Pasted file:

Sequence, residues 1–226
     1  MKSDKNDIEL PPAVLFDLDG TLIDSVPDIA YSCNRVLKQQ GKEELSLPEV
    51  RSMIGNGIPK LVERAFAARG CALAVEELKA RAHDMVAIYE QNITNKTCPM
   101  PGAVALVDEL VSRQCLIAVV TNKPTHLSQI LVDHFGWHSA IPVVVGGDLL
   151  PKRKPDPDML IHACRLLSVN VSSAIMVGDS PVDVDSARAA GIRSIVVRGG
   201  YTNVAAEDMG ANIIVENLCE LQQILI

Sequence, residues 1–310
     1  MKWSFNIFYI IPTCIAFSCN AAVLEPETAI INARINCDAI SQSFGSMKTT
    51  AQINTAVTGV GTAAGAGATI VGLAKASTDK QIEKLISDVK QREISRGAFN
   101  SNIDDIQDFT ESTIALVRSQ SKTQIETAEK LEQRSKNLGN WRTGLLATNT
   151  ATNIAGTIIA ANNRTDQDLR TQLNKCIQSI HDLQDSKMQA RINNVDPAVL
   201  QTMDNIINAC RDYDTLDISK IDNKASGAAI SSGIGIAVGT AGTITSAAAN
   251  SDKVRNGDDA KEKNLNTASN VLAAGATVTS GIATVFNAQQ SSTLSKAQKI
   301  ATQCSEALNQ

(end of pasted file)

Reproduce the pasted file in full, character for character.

Sequence, residues 1–226
     1  MKSDKNDIEL PPAVLFDLDG TLIDSVPDIA YSCNRVLKQQ GKEELSLPEV
    51  RSMIGNGIPK LVERAFAARG CALAVEELKA RAHDMVAIYE QNITNKTCPM
   101  PGAVALVDEL VSRQCLIAVV TNKPTHLSQI LVDHFGWHSA IPVVVGGDLL
   151  PKRKPDPDML IHACRLLSVN VSSAIMVGDS PVDVDSARAA GIRSIVVRGG
   201  YTNVAAEDMG ANIIVENLCE LQQILI

Sequence, residues 1–310
     1  MKWSFNIFYI IPTCIAFSCN AAVLEPETAI INARINCDAI SQSFGSMKTT
    51  AQINTAVTGV GTAAGAGATI VGLAKASTDK QIEKLISDVK QREISRGAFN
   101  SNIDDIQDFT ESTIALVRSQ SKTQIETAEK LEQRSKNLGN WRTGLLATNT
   151  ATNIAGTIIA ANNRTDQDLR TQLNKCIQSI HDLQDSKMQA RINNVDPAVL
   201  QTMDNIINAC RDYDTLDISK IDNKASGAAI SSGIGIAVGT AGTITSAAAN
   251  SDKVRNGDDA KEKNLNTASN VLAAGATVTS GIATVFNAQQ SSTLSKAQKI
   301  ATQCSEALNQ